June in Seattle is a manic month: sunny + high 70s one day and cloudy + rainy the next. We want to put away our sweaters and boots so badly, but we just can’t yet. Everyone is antsy to step into their summer-version of themselves sipping wine on a patio, wearing cute hats, and warming our toes in the sun. But, the weather has other plans.
This is a lot like when you have been in a period of survival at work—pushing hard through strenuous deadlines, multi-tasking to the hilt, and being available to too many people. You’re beyond burnt out and feel disconnected from yourself.
You want to be the summer person, but you’re stuck in your winter sweaters!
Hardest Project of My Life
Earlier this year, I did the hardest project of my life: I moved my parents from Phoenix to Seattle. We sold their house, cleaned out 40 years of hoader-level stuff, filled the largest dumpster available, and moved them to be near us. I spent most of January to April flying back and forth from Seattle to Phoenix. I really got to know that 6am flight!
I’ve never physically worked so hard and mentally held so many details in my mind. I did it—but at a steep cost. After the move, I was injured and exhausted.
I hibernated for the month of April. My focus was on rest, ice/heat to my elbow, and body work: weekly chiropractor, acupuncture, and massage. It was frustrating to just SIT. But my body and mind needed it—not only to recover, but to sift through and process what I learned through this intense challenge and to allow myself to take in those lessons and grow.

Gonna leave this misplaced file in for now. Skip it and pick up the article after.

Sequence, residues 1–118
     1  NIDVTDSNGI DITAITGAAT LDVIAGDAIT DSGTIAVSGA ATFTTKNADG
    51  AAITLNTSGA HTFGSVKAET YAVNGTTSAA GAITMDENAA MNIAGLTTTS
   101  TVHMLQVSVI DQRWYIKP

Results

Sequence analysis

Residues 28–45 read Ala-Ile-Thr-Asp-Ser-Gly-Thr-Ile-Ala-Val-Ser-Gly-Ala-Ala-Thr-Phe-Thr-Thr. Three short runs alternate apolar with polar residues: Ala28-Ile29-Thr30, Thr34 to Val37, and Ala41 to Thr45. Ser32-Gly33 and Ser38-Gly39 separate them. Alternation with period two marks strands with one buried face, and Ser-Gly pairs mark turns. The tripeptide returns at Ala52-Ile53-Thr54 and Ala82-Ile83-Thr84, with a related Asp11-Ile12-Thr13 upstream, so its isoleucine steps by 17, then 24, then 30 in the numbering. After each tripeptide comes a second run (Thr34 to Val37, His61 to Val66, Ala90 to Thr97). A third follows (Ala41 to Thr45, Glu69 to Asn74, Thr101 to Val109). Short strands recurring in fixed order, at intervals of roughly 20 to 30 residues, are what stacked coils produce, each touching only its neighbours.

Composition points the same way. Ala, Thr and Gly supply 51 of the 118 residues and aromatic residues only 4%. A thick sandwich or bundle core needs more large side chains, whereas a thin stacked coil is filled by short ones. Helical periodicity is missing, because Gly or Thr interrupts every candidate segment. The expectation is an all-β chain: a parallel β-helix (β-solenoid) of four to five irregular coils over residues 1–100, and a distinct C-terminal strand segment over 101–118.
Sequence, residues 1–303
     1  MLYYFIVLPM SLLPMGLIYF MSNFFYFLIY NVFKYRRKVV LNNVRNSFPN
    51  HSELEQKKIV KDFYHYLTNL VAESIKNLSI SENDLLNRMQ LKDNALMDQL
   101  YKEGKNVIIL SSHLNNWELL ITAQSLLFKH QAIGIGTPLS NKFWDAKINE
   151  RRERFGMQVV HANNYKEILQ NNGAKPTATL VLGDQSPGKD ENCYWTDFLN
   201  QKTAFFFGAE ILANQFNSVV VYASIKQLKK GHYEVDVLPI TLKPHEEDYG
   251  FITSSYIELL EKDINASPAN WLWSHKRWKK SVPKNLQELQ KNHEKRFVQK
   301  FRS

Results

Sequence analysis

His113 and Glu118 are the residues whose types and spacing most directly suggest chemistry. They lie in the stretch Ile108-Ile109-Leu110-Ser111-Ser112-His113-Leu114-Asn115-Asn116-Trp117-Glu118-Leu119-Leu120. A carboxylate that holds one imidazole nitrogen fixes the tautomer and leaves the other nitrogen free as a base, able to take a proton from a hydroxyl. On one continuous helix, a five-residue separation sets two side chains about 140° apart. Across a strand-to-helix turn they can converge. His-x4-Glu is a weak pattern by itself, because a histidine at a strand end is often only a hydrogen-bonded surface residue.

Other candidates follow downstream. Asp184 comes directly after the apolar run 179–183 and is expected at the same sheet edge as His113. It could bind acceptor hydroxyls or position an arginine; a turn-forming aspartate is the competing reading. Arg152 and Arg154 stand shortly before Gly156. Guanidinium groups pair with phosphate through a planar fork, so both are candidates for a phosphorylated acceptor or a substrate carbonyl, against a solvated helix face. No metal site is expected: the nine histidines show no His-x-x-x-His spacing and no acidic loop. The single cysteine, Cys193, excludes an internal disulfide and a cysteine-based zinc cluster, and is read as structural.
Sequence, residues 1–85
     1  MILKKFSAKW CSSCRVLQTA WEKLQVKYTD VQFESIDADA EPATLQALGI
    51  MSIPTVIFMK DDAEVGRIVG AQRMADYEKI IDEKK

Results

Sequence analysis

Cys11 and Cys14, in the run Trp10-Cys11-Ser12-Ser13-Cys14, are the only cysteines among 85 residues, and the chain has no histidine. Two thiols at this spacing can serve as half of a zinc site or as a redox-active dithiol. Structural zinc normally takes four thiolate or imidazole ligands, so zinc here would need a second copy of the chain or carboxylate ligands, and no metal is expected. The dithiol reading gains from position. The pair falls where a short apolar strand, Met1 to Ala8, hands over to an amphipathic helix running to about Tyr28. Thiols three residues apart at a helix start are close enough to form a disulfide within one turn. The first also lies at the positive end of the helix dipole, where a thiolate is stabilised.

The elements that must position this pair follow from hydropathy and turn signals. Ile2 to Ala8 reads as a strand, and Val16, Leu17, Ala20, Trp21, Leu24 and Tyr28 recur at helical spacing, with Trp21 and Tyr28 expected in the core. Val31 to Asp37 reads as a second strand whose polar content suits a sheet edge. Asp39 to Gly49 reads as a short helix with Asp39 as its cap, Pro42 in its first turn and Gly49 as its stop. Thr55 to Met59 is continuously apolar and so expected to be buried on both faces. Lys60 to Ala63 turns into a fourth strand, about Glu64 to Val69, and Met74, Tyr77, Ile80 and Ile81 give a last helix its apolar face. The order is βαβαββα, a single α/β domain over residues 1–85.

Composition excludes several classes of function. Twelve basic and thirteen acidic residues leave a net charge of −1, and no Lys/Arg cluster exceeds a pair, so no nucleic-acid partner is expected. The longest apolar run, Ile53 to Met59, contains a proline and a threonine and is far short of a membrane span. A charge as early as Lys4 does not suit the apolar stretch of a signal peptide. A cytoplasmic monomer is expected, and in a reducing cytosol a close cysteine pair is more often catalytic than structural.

Challenges reshape us to the core. It can come in the form of PTSD or it can come in the form of growing into the kickass version we want to become. A period of survival must be followed by a period of reflection and introspection.
You’ve found yourself here because you believe in growth and transformation.
If you have just come out of a period of survival, check out my reflection templates that inspire personal reflection and sign up for coaching with me. We can work together to process this experience and transform into the next phase of your life.
By May, my elbow hurt less and my passion was fired up for this: Monsoon Leadership. My parents’ move taught me what I can do, but it also showed me want I want to do: be in service to you all and build healthier workplaces.
The sun is out, sandals are on, and I’m ready to step into summer with you all.
Until next month…a question to ponder: “When was I last in a period of survival and what did it show me than I can do?”